Dimitris Rapidis

Italy is the European state having 10 of its cities declaring incapability of payment serving. Span’s 10-year bonds are regularly getting underrated in the market decreasing the credibility of the country’s public finance status. Greece is ready for negotiations with the troika hoping to receive a new deal in order to pay pensions and public insurance funds in the months to come. Cyprus is resorting to the IMF and the European Central Bank for a rescue plan as it cannot control recession. Portugal is standstill trying to avoid bail-out package though tough austerity measures. If this is not a domino effect, what is it?

The spreading of the crisis offers a we-held counter-argument against all pundits and market experts having pointed out that the crisis would not affect stable economies. But who is finally stable as the contagious character of recession hits every banking system exposed to toxic assets and every economic policy that is structurally weak and inadequate to provide solutions? Three years ago who would expect that Berlusconi’s Italy or Zapatero’s Spain would be in the center of the cyclone unable to shift developments in favor of their economies. During that period Greece was the black ship and everyone was rushing to condemn it. Yet all these “Messiahs” hoping to put all structural deficiencies of the crisis in the shoulders of Greeks are now faced with equal deadlocks. Pity to say, but yes, the European Union and the European Central Bank have not predicted this contagion despite striking macroeconomic signs of its member-states.

Along with the missing macroeconomic targets of the overdebted states and the unwillingness of the European Union and the Commission to alter its policy putting emphasis on growth packages, the wider sharing of available rescue funds from the EFSF and the European Stability Mechanism creates additional problems of management. What member-state will finally receive the largest package and for how long the European Union and the European Central Bank will be able to support both mechanisms as long as no signs of sustainable growth are expected?

According to these remarks, I tend to believe that the European Union has to deal with one of the three following scenarios:

1. Either tighten rescue package clauses for growth in order to press governments move towards privatizing traditional areas of state interest, lower tax rates, and combat tax evasion. This shift would attract investments from abroad, lower the cost of public spending, and minimize the effect of cuts upon pensioners and low-income employees.

2. Start discussing the idea of building a regional currency union inside Eurozone. This Union would consist of states with similar structural deficiencies in South Europe where the single currency would be partially depreciated with deadlines of return into the single currency when conditions leave space for it. Therefore, in lack of state-led monetary policies, the Mediterranean states will be able to deal with their debt more efficiently by adopting a new currency called “euro1” that will be attached to euro with exchange balance rate of 0.5/1. With this currency rate regulation, the overall debt of each member will be diminished to half and overdebted states’ economic policies will alter their credibility and growth prospect forecast in the markets bringing fast-track reforms and attracting short-term investments (i.e. I will come back to this proposition in the next days).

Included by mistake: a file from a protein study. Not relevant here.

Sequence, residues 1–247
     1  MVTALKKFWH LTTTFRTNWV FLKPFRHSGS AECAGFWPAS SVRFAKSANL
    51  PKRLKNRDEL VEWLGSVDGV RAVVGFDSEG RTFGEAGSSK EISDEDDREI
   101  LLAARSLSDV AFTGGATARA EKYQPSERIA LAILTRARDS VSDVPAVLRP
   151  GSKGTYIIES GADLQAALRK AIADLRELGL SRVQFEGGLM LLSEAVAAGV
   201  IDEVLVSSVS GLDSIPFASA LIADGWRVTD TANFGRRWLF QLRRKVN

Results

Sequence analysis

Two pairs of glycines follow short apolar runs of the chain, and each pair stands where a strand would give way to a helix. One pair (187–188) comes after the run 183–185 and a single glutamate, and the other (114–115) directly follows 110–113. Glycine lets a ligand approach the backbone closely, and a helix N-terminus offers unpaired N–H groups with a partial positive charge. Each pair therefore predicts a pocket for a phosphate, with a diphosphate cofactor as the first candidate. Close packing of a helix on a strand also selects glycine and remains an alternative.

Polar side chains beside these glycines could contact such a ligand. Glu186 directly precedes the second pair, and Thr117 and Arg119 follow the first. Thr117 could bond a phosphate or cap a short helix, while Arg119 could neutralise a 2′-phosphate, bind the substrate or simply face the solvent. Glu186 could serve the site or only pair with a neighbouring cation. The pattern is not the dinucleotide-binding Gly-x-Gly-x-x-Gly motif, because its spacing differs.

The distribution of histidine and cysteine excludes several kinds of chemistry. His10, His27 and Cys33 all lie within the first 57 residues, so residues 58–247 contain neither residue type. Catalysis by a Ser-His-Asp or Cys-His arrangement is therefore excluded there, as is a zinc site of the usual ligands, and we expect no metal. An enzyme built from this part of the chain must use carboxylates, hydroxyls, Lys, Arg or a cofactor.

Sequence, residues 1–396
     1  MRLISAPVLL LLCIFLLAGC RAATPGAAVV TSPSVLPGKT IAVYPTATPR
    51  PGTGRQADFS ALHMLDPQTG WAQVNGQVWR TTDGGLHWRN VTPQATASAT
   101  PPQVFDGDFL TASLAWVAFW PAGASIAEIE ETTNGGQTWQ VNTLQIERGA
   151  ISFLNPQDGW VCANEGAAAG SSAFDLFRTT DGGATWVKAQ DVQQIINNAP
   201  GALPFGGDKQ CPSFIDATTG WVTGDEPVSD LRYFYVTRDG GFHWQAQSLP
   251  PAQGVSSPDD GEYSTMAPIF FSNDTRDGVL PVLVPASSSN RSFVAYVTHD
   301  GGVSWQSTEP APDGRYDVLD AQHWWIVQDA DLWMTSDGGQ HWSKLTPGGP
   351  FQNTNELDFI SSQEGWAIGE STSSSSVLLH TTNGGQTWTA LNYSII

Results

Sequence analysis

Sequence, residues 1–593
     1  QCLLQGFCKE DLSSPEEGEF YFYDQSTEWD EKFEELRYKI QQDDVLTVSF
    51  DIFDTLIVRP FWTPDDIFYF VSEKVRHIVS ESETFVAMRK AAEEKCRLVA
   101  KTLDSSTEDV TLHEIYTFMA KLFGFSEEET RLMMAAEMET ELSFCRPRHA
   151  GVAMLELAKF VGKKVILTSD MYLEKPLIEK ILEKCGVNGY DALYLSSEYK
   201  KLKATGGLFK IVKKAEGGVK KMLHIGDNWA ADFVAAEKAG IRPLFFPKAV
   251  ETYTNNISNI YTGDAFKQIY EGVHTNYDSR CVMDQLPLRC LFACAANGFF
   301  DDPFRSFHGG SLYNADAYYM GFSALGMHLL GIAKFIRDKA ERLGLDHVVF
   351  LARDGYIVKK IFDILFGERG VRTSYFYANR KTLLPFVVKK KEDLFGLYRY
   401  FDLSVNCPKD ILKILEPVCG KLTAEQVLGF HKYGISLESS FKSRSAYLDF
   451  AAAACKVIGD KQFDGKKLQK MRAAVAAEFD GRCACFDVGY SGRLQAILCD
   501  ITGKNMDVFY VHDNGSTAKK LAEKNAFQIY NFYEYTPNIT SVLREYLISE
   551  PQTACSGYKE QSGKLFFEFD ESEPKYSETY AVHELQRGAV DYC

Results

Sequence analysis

3. Or initiate a Global Summit that will bring together G20 but also states facing the risk of bankruptcy like Greece, Portugal and Cyprus in order to discuss a new global order. This scenario is the least privileged for Eurozone as the EMU will admit its structural problem and will lose ground against dollar in the global transaction currency race. Nonetheless, it might also seem a quite effective one as global economic players and unions will accept the global character of the crisis and its consequences and assume the burden-sharing of bringing reforms and control a further widening of the crisis side effects. From this perspective, all leaders will be faced with the well-covered notion that a possible collapse of Eurozone will not only destruct the European Union itself, but will equally sweep the entire financial system as extreme inequalities and unprecedented social unrest will rise around the globe.

All things considered, I do hope that stubbornness inside the European Union will slowdown and pioneering actions will prevail. Otherwise we will be faced with escalating conditions that have never seen the light before.

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  1. In order to combat the crises in Greece the following must occur;
    First,the high government officials must stop robbing the state.
    Second,they must put in place a sound policy accross board of taxation and collection.
    Thirdly,they must stop bribing politicians and newsmedia as in 1995.(I am sure Greeks know this)for political gain.
    Fourth,put in place a reasonable mechanism for senior pensions to allow them to sustain their living standard while increasing taxes of the rich that make over and above 10/15 thousand a month,and decrease their government perks.This will have to start at the top of government heads.
    Fifth,increase pensionable age to 65-67 for those at present age of 45 years to allow them to ajust.
    Sixth, open and stop the politics at border crossings for those who want to holiday or visit Greece.(case in point)the incidents with the Republic of Macedonia this summer.
    The country must revert to European standards,not 19th or 20th century.

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